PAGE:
22. Anwar
    Anwar  • 7 years ago

    Yoast did you never consider creating a membership part of your website. That way people can download your premium plugins and get access to the member area where they can buy other plugins or stuff SEO video’s you record?

    I personally don’t want to set my timer to watch a webinar, but I’d love to watch some quality video’s on SEO on something like a membership basis.

  23. Otto
    Otto  • 7 years ago

    What sort of feedback have you gotten about selling plugins being bad? Nothing wrong with selling a product, in my view.

    • Joost de Valk

      Oh just general whines from people not willing to pay for anything and finding it ridiculous that I’d charge for something, sad but I’ve managed to overcome ;) .

    • Ian Mason
      Ian Mason  • 7 years ago

      that feedback is probably from people in the support channels or people who take the time to contact him elsewhere to tell him something about WPSEO isn’t satisfactory etc..

      For anyone here who enjoys watching Top Gear, you may remember the infamous and recurring invisible character who writes mean letters to the Top Gear guys… “Mr Needham”

  24. Joe
    Joe  • 7 years ago

    I agree with your philosophy regarding free/premium plugins. I think the free and pay model work very well together. In the pay for plugin/theme model there is an element of surprise, the question of compatibility and longevity of the script. If the developer has a free version or some other free scripts we can quickly assess the quality of the code.

  25. Paul
    Paul  • 7 years ago

    Thanks for informative post I’ve made a few WordPress plugins and get asked a few questions for support but don’t really have the time to support a free plugin. I end up putting off the support for a long time which I would prefer not to. I’ve been thinking of removing my plugins from wordpress.org and self host them, this way I can charge for them and provide better support. EDD is something I have been looking into but haven’t used it yet. I hear Pippin is doing some really good work with it I think I might use it to sell my plugins.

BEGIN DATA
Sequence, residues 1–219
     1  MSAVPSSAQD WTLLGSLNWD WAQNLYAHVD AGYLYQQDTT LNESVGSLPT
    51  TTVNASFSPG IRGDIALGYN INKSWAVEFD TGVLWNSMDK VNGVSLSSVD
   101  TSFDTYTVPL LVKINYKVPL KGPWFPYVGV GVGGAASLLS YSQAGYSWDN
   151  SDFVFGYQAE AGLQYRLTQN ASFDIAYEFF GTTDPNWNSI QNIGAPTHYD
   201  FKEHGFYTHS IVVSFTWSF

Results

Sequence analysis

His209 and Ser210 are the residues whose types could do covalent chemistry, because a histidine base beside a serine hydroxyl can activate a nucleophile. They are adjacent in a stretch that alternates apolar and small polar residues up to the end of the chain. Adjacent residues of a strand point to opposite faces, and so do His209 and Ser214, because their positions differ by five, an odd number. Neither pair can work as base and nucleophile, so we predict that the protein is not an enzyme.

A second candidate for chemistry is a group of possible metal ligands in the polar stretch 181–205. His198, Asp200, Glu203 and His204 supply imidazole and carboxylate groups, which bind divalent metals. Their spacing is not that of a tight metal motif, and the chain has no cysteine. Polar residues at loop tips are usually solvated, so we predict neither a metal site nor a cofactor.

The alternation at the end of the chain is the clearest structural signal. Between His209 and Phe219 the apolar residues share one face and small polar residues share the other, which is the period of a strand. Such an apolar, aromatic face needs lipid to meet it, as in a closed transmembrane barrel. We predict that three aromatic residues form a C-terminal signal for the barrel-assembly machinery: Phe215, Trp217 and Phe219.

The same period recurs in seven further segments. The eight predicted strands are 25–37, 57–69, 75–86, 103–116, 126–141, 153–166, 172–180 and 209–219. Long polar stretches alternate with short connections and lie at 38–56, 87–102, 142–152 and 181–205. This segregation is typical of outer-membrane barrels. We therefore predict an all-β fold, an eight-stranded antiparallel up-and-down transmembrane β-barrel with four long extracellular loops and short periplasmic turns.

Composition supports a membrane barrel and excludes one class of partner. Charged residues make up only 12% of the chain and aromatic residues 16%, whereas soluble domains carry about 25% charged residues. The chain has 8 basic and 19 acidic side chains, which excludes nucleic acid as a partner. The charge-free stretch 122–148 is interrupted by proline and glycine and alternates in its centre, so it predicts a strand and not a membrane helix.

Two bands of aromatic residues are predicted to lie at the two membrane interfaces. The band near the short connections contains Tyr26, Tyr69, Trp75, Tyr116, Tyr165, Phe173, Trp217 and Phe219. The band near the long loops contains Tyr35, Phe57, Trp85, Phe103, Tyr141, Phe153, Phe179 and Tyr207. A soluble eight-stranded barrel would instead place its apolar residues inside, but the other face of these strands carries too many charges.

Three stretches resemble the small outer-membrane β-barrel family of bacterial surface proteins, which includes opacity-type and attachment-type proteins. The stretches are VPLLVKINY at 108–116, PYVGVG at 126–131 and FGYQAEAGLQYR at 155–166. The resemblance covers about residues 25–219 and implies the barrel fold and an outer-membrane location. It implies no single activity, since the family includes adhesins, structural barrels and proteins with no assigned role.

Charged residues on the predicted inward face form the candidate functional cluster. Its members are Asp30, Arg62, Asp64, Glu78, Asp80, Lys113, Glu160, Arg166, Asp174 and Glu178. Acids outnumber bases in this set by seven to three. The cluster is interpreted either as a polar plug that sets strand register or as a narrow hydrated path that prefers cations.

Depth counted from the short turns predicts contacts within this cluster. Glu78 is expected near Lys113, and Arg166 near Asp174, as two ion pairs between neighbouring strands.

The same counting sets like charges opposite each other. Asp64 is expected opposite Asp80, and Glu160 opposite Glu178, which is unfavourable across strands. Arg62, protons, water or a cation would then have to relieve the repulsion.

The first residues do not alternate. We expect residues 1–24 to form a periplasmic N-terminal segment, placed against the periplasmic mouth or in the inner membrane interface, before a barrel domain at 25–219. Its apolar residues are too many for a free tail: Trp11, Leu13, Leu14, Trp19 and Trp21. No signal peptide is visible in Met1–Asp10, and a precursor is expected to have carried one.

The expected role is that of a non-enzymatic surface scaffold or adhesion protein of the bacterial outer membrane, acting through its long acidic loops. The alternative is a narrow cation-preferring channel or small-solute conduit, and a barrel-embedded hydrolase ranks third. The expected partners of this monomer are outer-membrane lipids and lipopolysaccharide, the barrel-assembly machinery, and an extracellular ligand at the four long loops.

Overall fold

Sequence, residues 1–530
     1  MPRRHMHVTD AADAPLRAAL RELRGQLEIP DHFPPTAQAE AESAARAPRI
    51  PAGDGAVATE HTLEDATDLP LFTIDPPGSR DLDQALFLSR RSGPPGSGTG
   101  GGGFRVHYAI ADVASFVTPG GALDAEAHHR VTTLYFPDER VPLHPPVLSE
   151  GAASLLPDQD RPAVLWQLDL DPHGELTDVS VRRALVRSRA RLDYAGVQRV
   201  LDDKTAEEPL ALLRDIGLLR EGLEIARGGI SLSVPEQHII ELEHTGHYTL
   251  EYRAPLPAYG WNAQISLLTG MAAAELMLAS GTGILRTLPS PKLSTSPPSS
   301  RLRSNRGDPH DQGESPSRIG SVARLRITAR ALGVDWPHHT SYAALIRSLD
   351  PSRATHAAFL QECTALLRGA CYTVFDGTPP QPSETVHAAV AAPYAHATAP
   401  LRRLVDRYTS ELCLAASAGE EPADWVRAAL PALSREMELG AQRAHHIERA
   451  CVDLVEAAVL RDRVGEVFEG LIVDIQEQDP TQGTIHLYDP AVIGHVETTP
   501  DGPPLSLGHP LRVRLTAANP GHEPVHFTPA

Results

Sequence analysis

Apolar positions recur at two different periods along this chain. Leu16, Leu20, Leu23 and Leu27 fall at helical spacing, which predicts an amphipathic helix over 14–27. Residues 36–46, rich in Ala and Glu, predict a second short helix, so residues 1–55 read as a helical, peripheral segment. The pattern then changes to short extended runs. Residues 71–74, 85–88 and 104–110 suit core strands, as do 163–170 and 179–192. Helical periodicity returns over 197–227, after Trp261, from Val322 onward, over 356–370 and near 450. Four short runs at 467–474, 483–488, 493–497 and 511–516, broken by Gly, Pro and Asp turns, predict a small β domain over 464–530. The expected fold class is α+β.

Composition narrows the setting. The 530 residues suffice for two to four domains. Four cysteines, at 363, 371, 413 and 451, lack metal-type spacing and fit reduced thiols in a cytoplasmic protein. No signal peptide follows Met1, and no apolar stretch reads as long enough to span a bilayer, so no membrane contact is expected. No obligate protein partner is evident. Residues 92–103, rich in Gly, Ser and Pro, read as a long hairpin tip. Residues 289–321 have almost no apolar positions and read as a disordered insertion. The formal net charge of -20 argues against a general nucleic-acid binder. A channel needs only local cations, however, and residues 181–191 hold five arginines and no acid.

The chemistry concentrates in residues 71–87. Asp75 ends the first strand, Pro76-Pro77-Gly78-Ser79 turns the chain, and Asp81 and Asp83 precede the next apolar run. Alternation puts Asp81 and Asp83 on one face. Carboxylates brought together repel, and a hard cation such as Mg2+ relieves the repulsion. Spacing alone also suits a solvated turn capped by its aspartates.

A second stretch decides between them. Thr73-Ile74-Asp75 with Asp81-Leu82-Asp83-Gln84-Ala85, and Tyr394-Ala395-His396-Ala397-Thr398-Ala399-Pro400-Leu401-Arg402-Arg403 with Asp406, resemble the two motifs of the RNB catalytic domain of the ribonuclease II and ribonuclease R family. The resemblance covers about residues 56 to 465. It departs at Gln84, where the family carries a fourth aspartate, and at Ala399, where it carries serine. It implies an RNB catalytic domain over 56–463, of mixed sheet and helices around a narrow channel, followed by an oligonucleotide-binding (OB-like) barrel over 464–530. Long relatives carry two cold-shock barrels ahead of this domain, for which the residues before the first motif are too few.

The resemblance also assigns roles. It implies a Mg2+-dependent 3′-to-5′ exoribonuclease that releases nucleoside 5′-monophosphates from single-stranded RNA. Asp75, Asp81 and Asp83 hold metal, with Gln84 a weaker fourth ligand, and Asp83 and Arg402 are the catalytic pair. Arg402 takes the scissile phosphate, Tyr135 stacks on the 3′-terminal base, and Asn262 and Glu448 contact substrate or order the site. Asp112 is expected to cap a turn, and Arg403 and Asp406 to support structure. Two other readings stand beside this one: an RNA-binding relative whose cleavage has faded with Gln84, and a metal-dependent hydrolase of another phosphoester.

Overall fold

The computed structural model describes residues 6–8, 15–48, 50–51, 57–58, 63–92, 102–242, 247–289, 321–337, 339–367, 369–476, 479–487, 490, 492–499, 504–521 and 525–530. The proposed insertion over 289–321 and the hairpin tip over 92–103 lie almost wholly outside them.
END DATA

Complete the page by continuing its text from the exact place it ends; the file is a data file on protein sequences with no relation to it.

• Pippin
      Pippin  • 7 years ago

      I’ll be happy to answer any questions you have :)

  26. Hannes
    Hannes  • 7 years ago

    Hi Yoast,
    Great article! I’m in a similar situation with free and premium plugin users and also used EDD but at the moment I still prefer WP E-commerce, because my clients normally don’t sell digital goods, so I prefer to specialize on one shop plugin.

  27. Saqib
    Saqib  • 7 years ago

    Really agree with you here. Not everything can be free. People had the same thought when they saw premium themes, but now they are understanding the advantages of a premium theme.

    I say that if a product is worth selling, its worth selling.

  28. John Ward
    John Ward  • 7 years ago

    People thought everyone was crazy to try to sell WordPress themes in the beginning to. I mean who would pay for something you can get for free? What happened was that people realized you could get a better quality product with dedicated support by paying. Just look at the economy and ecosystem that has been built around a free product.

  29. Matt Russell
    Matt Russell  • 7 years ago


    Having worked with you on a couple of website reviews and using your WordPress plugins on all of our WordPress sites, I’d have no hesitation in buying / paying for a plugin from you. The work that you do is of a high value and charging a nominal fee for a plugin that enables you to do even better work makes perfect sense to me.

    I second Brian’s recommendation of GoCardless. We just added them to WebHostingBuzz UK to accept direct bank payments.


  30. Brian Deeney
    Brian Deeney  • 7 years ago

    Hi Yoast
    There is a new service for accepting payments online via bank transfer. https://gocardless.com

    I’m using your video plugin and it is really great. Keep up the good work. Looking forward to Local SEO plugin.

  31. Wendell
    Wendell  • 7 years ago

    Great article and I agree that Pippin is a great guy to buy plugins from. I also feel your pain regarding the free/cheap customers versus the paid customers. I have tried several times to do favors for people and they are by far the most abusive and demanding. The higher-paying clients are generally easy to work with and we get more accomplished because of the mutual respect we have.

  32. Joel
    Joel  • 7 years ago

    Thanks for sharing your system! I’m thinking of moving my system over to this particularly for the license key generation part and it is much less complicated than what I currently use.

  33. Ian Mason
    Ian Mason  • 7 years ago

    I personally would pay for WPSEO and other plugins just because they’re very well written, you keep up with the latest search/social tech developments in them, and they’re stable.
    Thanks for the writeup.